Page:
Of particular interest is the finding that in human atopic patients IL-33 is substantially elevated during systemic shock and localized allergic reaction, but not in patients without inflammation. Importantly, the systemic anaphylactic shock in mice could be prophylactically and therapeutically attenuated by sST2 (a decoy receptor of IL-33), or by anti–IL-33 antibody. Therefore, our data suggest that endogenous IL-33 may contribute to the pathology of IgE-associated diseases, the importance of which warrants further investigation.

It is well established that mast cells are key effector cells in triggering the immediate Type-I hypersensitivity in allergic patients. Mast cells are predominantly present in the skin, airways, and gastrointestinal tract. Allergen-bound IgE triggers an array of signaling pathways, which lead to degranulation and the release of histamine, proteases, cytokines, as well as de novo synthesis of the arachidonic acid metabolites, such as leukotrienes and prostaglandins. These mast cell-generated proinflammatory mediators then cause the immediate symptoms of allergic diseases, such as rhinitis, conjunctivitis and asthma. Despite extensive efforts, the etiology and pathogenesis of most allergic diseases remain poorly understood, and effective therapies with limited side effects are lacking. The key factor that may tip the balance between the physiological and the pathophysiological manifestation of mast cells has long been elusive. Data presented here may go some way to resolve this conundrum. We demonstrate here that, in IgE-sensitized mast cells, IL-33 may be that key factor tipping mast cell activation and degranulation and thus may represent a potential target for treatment of AS.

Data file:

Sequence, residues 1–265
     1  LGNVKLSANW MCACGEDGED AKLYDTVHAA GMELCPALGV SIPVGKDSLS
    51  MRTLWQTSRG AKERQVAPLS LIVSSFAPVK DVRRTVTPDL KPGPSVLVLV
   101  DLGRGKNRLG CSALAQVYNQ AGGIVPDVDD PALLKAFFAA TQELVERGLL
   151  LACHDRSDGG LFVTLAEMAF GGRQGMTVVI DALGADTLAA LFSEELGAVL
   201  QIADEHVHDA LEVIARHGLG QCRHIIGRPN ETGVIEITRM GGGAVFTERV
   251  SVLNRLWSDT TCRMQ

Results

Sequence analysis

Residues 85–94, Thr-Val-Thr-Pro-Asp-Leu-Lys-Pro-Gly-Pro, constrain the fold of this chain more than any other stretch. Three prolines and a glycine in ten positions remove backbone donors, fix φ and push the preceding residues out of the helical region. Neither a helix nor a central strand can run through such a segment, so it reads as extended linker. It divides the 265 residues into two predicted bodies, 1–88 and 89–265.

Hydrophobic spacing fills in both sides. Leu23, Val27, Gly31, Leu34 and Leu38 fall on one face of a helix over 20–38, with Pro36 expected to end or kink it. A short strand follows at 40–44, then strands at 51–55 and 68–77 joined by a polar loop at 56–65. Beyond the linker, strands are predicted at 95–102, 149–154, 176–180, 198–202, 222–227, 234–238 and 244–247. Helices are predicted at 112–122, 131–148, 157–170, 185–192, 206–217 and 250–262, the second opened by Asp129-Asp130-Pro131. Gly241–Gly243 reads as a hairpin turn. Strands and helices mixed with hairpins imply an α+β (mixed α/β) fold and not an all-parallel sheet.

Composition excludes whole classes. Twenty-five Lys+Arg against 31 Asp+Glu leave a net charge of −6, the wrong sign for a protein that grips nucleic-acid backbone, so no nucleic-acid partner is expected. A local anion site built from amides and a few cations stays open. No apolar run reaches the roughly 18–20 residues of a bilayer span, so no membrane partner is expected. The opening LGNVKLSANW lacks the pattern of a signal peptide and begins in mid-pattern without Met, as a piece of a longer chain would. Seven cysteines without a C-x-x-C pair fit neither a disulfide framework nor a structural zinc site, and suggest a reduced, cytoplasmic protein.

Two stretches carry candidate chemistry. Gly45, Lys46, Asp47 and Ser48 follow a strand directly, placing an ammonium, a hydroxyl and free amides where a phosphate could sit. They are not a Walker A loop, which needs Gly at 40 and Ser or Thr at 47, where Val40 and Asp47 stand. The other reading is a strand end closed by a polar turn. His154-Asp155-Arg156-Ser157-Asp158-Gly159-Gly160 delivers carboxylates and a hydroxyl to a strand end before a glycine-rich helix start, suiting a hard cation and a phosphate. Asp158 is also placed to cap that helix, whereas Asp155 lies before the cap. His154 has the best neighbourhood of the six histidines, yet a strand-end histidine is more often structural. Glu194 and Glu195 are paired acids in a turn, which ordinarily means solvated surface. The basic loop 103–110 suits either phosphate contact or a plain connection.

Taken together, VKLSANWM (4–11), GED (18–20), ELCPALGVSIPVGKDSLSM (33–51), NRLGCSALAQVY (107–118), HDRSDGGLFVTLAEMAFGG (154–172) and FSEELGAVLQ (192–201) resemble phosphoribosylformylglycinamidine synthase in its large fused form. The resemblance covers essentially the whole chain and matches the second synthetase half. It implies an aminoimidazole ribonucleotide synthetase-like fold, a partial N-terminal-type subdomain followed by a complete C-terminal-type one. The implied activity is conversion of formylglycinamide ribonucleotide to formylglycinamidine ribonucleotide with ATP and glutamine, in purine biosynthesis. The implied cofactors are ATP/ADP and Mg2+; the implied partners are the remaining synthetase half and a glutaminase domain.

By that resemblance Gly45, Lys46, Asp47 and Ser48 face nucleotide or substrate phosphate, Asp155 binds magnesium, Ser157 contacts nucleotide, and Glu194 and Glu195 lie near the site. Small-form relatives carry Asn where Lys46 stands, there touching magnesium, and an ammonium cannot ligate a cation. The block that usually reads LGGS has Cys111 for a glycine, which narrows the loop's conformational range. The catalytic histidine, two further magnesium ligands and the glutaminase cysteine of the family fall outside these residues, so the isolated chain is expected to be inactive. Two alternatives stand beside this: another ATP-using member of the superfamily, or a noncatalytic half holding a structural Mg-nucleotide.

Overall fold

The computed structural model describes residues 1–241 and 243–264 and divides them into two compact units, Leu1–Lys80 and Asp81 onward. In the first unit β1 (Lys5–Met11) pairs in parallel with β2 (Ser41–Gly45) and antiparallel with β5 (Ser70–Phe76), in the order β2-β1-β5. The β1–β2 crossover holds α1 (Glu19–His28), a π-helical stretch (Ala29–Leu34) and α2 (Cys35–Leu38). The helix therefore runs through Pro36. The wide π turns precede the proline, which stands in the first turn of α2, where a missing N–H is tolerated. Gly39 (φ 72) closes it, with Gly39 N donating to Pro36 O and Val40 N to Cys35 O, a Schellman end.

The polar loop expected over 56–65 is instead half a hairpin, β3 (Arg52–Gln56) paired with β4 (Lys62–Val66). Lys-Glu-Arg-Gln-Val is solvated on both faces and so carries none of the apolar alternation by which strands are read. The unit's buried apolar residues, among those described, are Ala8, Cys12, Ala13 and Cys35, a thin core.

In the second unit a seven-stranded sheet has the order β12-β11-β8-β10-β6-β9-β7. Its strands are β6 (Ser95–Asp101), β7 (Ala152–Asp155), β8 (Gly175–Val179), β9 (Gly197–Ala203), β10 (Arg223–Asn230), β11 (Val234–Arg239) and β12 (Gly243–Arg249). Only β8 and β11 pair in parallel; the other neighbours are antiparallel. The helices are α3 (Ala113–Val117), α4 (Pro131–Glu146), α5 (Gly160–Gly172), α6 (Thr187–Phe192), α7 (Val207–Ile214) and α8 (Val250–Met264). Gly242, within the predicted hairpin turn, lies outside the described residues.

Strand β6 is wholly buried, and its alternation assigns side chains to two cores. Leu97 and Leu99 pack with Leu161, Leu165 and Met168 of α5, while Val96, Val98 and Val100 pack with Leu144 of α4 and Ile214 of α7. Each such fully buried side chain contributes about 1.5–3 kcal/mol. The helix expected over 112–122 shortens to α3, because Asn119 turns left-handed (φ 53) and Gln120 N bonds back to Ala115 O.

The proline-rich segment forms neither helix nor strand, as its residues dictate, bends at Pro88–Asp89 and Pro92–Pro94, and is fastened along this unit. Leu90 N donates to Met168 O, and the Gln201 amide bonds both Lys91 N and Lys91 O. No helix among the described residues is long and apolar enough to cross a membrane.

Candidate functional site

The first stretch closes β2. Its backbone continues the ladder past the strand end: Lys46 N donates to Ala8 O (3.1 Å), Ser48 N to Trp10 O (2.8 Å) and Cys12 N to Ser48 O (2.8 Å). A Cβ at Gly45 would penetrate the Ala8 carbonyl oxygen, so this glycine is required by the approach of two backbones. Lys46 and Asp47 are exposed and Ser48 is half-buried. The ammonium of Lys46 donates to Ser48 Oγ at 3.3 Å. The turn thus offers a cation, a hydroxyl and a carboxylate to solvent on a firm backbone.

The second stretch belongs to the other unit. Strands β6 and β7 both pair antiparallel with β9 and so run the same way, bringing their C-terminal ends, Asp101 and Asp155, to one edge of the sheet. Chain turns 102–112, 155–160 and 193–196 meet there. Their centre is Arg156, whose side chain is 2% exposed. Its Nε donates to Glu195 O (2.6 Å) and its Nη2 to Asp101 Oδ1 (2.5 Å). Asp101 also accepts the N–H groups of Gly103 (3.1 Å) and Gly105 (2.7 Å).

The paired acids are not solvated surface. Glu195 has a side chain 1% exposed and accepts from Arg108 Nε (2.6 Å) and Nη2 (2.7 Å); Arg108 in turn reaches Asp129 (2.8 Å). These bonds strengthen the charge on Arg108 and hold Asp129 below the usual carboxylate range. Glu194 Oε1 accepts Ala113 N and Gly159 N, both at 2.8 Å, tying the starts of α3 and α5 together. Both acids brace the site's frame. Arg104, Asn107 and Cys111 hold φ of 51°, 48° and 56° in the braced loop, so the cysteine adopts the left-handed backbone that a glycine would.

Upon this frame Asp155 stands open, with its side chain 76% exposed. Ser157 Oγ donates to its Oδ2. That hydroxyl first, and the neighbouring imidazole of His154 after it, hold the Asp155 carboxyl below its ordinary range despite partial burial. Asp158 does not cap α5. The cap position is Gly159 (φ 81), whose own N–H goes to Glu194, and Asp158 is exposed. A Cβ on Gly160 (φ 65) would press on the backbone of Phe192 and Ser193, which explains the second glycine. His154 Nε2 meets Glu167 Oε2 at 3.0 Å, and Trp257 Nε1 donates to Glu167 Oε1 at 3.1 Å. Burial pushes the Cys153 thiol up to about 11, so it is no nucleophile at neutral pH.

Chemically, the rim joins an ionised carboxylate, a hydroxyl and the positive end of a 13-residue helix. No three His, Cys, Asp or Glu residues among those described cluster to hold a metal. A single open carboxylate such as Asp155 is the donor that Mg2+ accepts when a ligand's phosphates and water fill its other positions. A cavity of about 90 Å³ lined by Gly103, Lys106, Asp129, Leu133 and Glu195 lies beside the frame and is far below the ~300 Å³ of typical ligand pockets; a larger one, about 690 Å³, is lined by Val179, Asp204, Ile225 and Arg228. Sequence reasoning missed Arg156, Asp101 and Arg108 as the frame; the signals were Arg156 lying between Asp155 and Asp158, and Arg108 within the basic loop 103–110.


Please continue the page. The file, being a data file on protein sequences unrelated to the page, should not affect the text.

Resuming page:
At this stage it is not known whether the clinical systemic shock and localized allergic reaction stimulated IL-33 production or that IL-33 triggered these clinical symptoms. What is clear, however, is that atopy alone is not sufficient to trigger anaphylaxis. Based on our animal studies, it may be that under conditions where an atopic patient secretes high levels of IL-33 because of a strong inflammatory condition, this IL-33 might then trigger the mast cell responses even in the absence of an IgE-specific allergen. We also showed that IL-33 levels are elevated in atopic dermatitis only in inflamed tissue. This would suggest that during allergic inflammation IL-33 is up-regulated. We screened for patients who were atopic and developed anaphylactic shock in the operating theatre. IL-33 may indeed be elevated in other systemic inflammatory conditions, such as peanut or drug-mediated anaphylactic shock. This is currently being addressed.

Materials and Methods

Clinical Serum Samples and Skin Biopsy Samples.

Male and female patients aged >18 years with atopic dermatitis (AD) were enrolled in the study. For full description, see SI Materials and Methods.

Induction and Measurement of PCA and AS.

Experiments were performed on 8–10-week-old mice. For full details of the procedures, see SI Materials and Methods.

In Vitro Assays.

Human mast cells were derived from CD34+ hematopoietic progenitor cells isolated from umbilical cord blood and cultured as previously described (26, 34). Murine mast cells were isolated from the peritoneal cavity and cultured as previously described (35). For full description on in vitro assays, see SI Materials and Methods.

Statistical Analysis.

Statistical differences between control and treatment groups were calculated using unpaired Student's t test. P < 0.05 was considered statistically significant.

Supplementary Material

Supporting Information:


We thank M. Rauff (National University Hospital, Singapore) for help in procuring human samples. We thank A.-K. Fraser-Andrews and H. Arthur for proofreading the manuscript. This work was supported by grants from The Wellcome Trust and The Medical Research Council, U.K.


The authors declare no conflict of interest.

This article is a PNAS Direct Submission.

This article contains supporting information online at www.pnas.org/cgi/content/full/0901206106/DCSupplemental.